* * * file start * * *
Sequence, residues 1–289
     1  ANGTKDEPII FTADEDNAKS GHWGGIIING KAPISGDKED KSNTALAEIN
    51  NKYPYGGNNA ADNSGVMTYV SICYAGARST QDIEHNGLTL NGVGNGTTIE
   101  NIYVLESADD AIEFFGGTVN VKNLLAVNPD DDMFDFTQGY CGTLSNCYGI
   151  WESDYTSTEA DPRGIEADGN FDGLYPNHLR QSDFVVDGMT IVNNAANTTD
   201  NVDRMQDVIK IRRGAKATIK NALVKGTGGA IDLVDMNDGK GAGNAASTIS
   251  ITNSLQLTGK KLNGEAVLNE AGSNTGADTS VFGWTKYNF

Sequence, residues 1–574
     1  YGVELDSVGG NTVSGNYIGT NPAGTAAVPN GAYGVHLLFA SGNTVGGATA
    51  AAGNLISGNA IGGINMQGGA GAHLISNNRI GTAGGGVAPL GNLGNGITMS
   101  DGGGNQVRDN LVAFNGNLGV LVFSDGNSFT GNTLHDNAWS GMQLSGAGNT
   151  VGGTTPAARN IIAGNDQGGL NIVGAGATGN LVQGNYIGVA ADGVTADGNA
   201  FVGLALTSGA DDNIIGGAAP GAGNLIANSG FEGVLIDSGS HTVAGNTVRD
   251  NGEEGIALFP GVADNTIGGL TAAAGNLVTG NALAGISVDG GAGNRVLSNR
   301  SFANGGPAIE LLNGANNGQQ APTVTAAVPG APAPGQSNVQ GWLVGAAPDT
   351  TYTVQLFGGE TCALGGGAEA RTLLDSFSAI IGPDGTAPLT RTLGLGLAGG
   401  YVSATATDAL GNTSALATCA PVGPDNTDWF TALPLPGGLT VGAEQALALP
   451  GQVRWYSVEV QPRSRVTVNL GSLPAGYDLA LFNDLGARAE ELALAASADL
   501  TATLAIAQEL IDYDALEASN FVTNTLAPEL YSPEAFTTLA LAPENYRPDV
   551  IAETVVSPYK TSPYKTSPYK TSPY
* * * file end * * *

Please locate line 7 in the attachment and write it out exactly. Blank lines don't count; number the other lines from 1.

   251  ITNSLQLTGK KLNGEAVLNE AGSNTGADTS VFGWTKYNF